Thursday, September 29, 2016

Thursday, September 29, 2016 5:52 pm by M. in ,    1 comment
Very belatedly (it happened in May, but somehow escaped our radar), we report the sad news of the death of Diane Long Hoeveler (1949-2016), Professor of English at Marquette University and Brontë scholar.

She recently edited (and co-wrote the introductions) two compilations of Brontë articles which has been published in coincidence with the Charlotte Brontë bicentenary. The first one was the monumental A Companion to the Brontës, published last year by Wiley-Blackwell where she joined an amazing number of Brontë scholars and experts to talk about any imaginable Brontë topic. A few weeks ago and posthumously Routledge published Time, Space, and Place in Charlotte Brontë, another collection of contributions centered on Charlotte Brontë's relationship with her historical context and her later critical reception. In both of them, Diane Long Hoeveler participated not only in the edition (with Deborah Denenholz Morse) but also with singular contributions: The Brontës and the Gothic Tradition and Charlotte Brontë and the Anxious Imagination, respectively.

These were not the only Brontë-related publications in her career as this brief bibliography shows:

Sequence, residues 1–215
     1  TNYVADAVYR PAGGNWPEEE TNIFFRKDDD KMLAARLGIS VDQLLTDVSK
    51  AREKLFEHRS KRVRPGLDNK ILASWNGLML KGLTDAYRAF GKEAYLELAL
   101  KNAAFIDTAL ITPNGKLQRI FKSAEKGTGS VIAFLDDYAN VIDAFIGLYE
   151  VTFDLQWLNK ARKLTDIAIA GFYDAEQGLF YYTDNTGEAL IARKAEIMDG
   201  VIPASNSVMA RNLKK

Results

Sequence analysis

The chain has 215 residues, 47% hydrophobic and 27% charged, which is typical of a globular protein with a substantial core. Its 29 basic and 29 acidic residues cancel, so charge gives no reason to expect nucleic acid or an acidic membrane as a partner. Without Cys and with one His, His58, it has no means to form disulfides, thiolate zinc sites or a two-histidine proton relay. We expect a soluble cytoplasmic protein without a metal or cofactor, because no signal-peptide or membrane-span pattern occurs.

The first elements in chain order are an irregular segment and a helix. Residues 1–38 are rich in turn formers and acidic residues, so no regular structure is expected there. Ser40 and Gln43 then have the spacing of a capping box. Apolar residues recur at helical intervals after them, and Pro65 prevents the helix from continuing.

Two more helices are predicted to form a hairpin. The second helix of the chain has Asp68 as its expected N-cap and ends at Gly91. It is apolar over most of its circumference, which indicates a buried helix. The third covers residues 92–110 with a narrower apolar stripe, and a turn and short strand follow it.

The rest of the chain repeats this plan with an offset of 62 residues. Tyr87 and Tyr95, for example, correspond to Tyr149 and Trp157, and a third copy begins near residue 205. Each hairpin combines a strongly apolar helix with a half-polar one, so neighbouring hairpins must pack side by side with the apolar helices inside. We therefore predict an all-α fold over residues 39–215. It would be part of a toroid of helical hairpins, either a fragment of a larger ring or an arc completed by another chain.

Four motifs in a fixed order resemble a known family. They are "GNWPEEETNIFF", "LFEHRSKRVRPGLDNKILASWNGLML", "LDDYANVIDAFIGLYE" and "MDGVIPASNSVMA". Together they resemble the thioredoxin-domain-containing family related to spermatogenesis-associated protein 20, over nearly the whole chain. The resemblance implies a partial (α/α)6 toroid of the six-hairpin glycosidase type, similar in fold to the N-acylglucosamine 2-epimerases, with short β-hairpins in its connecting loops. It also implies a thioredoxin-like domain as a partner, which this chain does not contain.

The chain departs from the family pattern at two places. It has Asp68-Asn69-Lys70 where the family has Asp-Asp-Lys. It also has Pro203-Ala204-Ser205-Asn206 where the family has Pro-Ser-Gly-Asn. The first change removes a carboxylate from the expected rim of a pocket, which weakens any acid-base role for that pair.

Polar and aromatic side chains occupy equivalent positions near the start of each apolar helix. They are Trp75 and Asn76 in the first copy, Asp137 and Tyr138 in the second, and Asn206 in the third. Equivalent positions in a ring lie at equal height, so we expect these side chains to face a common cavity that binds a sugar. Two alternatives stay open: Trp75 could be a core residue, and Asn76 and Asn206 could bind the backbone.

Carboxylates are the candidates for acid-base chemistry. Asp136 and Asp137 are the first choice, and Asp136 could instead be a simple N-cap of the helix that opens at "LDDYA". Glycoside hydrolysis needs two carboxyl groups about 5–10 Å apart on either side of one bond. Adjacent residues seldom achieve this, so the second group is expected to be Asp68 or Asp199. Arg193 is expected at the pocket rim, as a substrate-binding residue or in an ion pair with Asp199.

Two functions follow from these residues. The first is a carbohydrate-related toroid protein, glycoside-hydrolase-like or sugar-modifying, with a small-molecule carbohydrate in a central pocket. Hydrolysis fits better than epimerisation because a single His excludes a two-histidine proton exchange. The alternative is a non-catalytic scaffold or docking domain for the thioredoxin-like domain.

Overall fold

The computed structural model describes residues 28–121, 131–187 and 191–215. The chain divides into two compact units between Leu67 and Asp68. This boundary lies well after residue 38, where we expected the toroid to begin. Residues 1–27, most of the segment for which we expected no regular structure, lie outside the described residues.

The Not-so New Gothic: Charlotte Brontë’s Juvenilia and the Gothic Tradition in Charlotte Brontë from the Beginnings: New Essays from the Juvenilia to the Major Works, Ed. Judith Pike and Lucy Morrison, Routledge (to appear in October 2016)

Dreaming of the Other: The Brontë Novels and Gothic Residue. In 21st META British Novelists Conference: The Brontë Sisters and Their Work Proceedings (2013) (not yet published). She was the keynote speaker in the conference.

Theories of Creativity and the Saga of Charlotte Brontë.” In Autopoetica: Representations of the Creative Process in Nineteenth-Century British and American Fiction. Ed. Darby Lewes. Lanham, MD: Lexington/Rowman and Littlefield, 2006. Pp. 187-94.

Teaching Wuthering Heights as Fantasy, Trauma, and Dream Work.” In Approaches to Teaching ‘Wuthering Heights.’ Ed. Sue Lonoff and Terri Hasseler. New York: MLA, 2006. Pp. 96-103.

Wuthering Heights by Emily Brontë. Authoritative text with notes, Introduction, and collected critical essays, including her “Wuthering Heights and Gothic Feminism,”, Houghton Mifflin, 2001

Gothic Feminism: The Professionalization of Gender from Charlotte Smith to the Brontës. University Park: Penn State Press, 1998.

Charlotte Brontë. New York: Macmillan/Twayne Publications, 1997. (Coauthor with Lisa Jadwin). She wrote the chapters on The Professor, Shirley, Brontë’s poetry and letters, and the second half of the Biography chapter.

Approaches to Teaching Brontë’s ‘Jane Eyre.’ New York: Modern Language Association, 1993. (Contributing Coeditor with Beth Lau). Article: Jane Eyre Through the Body: Food, Sex, Discipline.

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